Human Rights Watch has just published a report on the situation in Azad Kashmir (the part of Kashmir controlled by Pakistan) following the earthquake last year. The report is very critical on two fronts: the government’s policy following the earthquake and its persecution of pro-independence Kashmiris.
In its summary HRW makes a few important points I’m highlighting underneath.
1) “In the first seventy-two hours after the earthquake, thousands of Pakistani troops stationed in Azad Kashmir prioritized the evacuation of their own personnel over providing relief to desperate civilians. The international media began converging on Muzaffarabad within twenty-four hours of the earthquake and fanned out to other towns in Azad Kashmir shortly thereafter.
“They filmed Pakistani troops standing by and refusing to help because they had â€œno ordersâ€ to do so as locals attempted to dig out those still alive, sending a chilling message of indifference from Islamabad. Having filmed the refusal, journalists switched off their cameras and joined the rescue effort themselves; in one instance they shamed the soldiers into helping. But unlike the death and destruction, the media were not everywhere. The death toll continued to mount.”
2) Human rights abuses by the Indian security forces and separatist forces in Jammu and Kashmir have been relatively well documented and often condemned. But the world knows little about Azad Kashmir, other than that the territory has been used by Pakistan-backed militant groups as a staging ground for attacks in Jammu and Kashmir.
3) …though â€œAzadâ€ means â€œfree,â€ the residents of Azad Kashmir are anything but. Azad Kashmir is a land of strict curbs on political pluralism, freedom of expression, and freedom of association; a muzzled press; banned books; arbitrary arrest and detention and torture at the hands of the Pakistani military and the police; and discrimination against refugees from Jammu and Kashmir state. Singled out are Kashmiri nationalists who do not support the idea of Kashmirâ€™s accession to Pakistan.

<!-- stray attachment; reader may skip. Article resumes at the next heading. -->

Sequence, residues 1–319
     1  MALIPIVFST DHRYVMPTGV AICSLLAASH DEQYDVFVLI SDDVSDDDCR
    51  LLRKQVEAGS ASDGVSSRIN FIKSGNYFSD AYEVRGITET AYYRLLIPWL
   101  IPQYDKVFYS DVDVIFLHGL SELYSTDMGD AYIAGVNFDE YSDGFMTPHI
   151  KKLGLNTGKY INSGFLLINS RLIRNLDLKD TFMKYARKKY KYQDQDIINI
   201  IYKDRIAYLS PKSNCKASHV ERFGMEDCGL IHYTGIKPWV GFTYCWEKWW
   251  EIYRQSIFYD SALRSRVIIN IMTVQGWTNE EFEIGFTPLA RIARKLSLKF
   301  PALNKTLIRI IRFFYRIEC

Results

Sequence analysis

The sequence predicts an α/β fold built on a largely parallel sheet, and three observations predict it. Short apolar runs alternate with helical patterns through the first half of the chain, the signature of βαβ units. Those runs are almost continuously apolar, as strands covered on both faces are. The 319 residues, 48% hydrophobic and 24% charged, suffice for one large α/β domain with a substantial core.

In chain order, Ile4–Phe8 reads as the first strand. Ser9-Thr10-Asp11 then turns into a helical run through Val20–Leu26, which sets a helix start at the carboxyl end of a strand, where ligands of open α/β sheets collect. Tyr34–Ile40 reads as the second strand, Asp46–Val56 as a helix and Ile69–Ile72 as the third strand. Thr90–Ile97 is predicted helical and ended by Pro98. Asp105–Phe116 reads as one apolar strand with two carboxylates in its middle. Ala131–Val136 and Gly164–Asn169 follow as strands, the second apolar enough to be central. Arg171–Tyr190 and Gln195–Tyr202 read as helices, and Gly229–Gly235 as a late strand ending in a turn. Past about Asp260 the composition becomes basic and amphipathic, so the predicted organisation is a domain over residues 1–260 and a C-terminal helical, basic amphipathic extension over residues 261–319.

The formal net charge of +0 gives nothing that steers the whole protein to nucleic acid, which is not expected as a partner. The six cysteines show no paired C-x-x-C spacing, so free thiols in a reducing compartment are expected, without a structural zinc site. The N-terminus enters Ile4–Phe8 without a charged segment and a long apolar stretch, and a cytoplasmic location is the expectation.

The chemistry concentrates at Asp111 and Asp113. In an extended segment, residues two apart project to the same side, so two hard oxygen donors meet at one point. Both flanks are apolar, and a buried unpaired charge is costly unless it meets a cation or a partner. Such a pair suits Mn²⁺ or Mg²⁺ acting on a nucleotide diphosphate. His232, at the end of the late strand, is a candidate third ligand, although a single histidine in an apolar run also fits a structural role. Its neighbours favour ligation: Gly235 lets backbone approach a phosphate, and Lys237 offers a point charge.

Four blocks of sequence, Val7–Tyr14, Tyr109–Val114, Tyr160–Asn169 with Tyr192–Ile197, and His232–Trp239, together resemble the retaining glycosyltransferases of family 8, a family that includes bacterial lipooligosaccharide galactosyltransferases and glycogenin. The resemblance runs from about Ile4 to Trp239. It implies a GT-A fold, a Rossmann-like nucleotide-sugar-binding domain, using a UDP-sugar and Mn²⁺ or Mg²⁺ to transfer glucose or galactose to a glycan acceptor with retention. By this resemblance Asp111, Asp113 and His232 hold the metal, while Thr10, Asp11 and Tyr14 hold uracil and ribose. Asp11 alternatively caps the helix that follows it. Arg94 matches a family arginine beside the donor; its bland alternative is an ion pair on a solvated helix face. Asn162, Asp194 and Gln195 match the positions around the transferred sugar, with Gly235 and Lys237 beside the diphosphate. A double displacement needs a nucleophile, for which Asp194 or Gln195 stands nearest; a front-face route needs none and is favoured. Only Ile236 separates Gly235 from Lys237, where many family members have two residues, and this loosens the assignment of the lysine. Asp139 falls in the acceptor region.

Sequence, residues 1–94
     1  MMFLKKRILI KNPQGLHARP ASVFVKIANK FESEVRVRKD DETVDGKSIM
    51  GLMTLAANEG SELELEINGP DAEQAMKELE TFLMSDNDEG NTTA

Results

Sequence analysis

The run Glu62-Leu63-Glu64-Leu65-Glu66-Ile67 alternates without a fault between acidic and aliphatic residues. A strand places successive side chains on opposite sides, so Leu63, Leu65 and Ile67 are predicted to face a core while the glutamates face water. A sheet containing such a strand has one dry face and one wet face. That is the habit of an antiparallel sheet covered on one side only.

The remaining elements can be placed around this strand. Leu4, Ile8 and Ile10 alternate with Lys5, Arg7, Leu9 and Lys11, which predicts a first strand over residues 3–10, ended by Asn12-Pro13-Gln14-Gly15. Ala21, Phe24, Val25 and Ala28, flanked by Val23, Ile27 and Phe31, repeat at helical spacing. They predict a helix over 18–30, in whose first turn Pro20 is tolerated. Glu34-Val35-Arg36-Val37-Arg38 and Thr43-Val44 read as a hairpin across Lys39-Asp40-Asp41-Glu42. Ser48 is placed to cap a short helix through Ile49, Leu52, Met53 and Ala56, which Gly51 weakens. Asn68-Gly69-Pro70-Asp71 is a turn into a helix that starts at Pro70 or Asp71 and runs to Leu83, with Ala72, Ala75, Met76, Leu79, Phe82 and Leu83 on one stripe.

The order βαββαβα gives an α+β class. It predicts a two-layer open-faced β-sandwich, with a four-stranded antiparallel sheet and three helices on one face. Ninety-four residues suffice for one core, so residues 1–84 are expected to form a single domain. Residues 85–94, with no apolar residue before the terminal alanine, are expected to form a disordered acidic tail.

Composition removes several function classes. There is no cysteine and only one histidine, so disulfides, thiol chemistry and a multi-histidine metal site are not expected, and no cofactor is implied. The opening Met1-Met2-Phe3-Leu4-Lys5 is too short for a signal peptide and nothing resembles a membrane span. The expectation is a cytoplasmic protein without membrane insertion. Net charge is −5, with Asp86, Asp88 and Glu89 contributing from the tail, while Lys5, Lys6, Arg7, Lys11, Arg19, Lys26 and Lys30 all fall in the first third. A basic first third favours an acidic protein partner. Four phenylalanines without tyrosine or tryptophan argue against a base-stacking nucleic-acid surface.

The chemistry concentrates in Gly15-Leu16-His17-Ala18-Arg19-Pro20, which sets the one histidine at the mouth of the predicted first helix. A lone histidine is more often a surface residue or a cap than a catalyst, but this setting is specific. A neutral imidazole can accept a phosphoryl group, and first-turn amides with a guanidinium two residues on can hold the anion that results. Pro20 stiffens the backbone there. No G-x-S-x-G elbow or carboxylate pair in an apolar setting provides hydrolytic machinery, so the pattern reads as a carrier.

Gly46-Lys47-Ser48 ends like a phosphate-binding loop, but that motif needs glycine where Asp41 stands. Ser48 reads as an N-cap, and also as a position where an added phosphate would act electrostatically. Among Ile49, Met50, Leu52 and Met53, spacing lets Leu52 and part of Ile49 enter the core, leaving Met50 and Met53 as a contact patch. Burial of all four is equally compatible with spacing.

4) As the Pakistani military prioritized the rescue of its own personnel, it probably sought the assistance of its closest allies in Azad Kashmir, the militant groups. These groups, which had undoubtedly suffered the loss of personnel and infrastructure themselves in the earthquake, won much local appreciation for their rescue and relief efforts. This public relations coup could not have been possible without logistical support from sections of the Pakistani militaryâ€™s intelligence apparatus.
And most importantly: “Successive Pakistani governments have asserted that Kashmirâ€™s political future must be determined in accordance with the wishes of the people. But the reality of Azad Kashmir prior to the earthquake was life dominated by governmental restrictions on fundamental freedoms.”
My view on the conflict is simple. I would rather the whole of Kashmir be made independent with an independent government that works in conjunction with India and Pakistan. Before that happens however the Indian govt needs to seriously re-evaluate its own security forces in the area, while Pakistan needs to stop funding these terrorist groups.
Both countries are simply using the lives of the Kashmiri population as a means to their own goals, rather than looking for a solution that is about what those people want.
Related story on BBC.
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Filed in: India,Pakistan,South Asia